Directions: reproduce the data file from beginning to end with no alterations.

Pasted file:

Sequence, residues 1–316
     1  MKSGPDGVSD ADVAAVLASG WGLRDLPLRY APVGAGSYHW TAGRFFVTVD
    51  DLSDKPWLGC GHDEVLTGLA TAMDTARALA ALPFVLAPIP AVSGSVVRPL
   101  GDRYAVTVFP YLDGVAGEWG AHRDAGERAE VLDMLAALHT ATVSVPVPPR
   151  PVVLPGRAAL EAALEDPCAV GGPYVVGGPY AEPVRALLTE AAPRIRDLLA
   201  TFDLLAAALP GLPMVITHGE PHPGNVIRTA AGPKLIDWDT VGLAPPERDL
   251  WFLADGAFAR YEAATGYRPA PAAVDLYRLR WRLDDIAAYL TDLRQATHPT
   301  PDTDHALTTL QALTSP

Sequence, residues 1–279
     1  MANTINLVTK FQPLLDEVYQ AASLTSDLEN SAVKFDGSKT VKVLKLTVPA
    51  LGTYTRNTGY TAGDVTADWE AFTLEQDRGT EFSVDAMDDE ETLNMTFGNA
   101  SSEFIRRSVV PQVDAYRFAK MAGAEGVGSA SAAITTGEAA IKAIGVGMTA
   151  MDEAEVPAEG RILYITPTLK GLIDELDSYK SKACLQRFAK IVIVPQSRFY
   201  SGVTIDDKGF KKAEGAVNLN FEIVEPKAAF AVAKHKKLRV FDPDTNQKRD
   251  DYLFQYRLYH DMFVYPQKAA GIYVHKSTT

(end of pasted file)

Sequence, residues 1–316
     1  MKSGPDGVSD ADVAAVLASG WGLRDLPLRY APVGAGSYHW TAGRFFVTVD
    51  DLSDKPWLGC GHDEVLTGLA TAMDTARALA ALPFVLAPIP AVSGSVVRPL
   101  GDRYAVTVFP YLDGVAGEWG AHRDAGERAE VLDMLAALHT ATVSVPVPPR
   151  PVVLPGRAAL EAALEDPCAV GGPYVVGGPY AEPVRALLTE AAPRIRDLLA
   201  TFDLLAAALP GLPMVITHGE PHPGNVIRTA AGPKLIDWDT VGLAPPERDL
   251  WFLADGAFAR YEAATGYRPA PAAVDLYRLR WRLDDIAAYL TDLRQATHPT
   301  PDTDHALTTL QALTSP

Sequence, residues 1–279
     1  MANTINLVTK FQPLLDEVYQ AASLTSDLEN SAVKFDGSKT VKVLKLTVPA
    51  LGTYTRNTGY TAGDVTADWE AFTLEQDRGT EFSVDAMDDE ETLNMTFGNA
   101  SSEFIRRSVV PQVDAYRFAK MAGAEGVGSA SAAITTGEAA IKAIGVGMTA
   151  MDEAEVPAEG RILYITPTLK GLIDELDSYK SKACLQRFAK IVIVPQSRFY
   201  SGVTIDDKGF KKAEGAVNLN FEIVEPKAAF AVAKHKKLRV FDPDTNQKRD
   251  DYLFQYRLYH DMFVYPQKAA GIYVHKSTT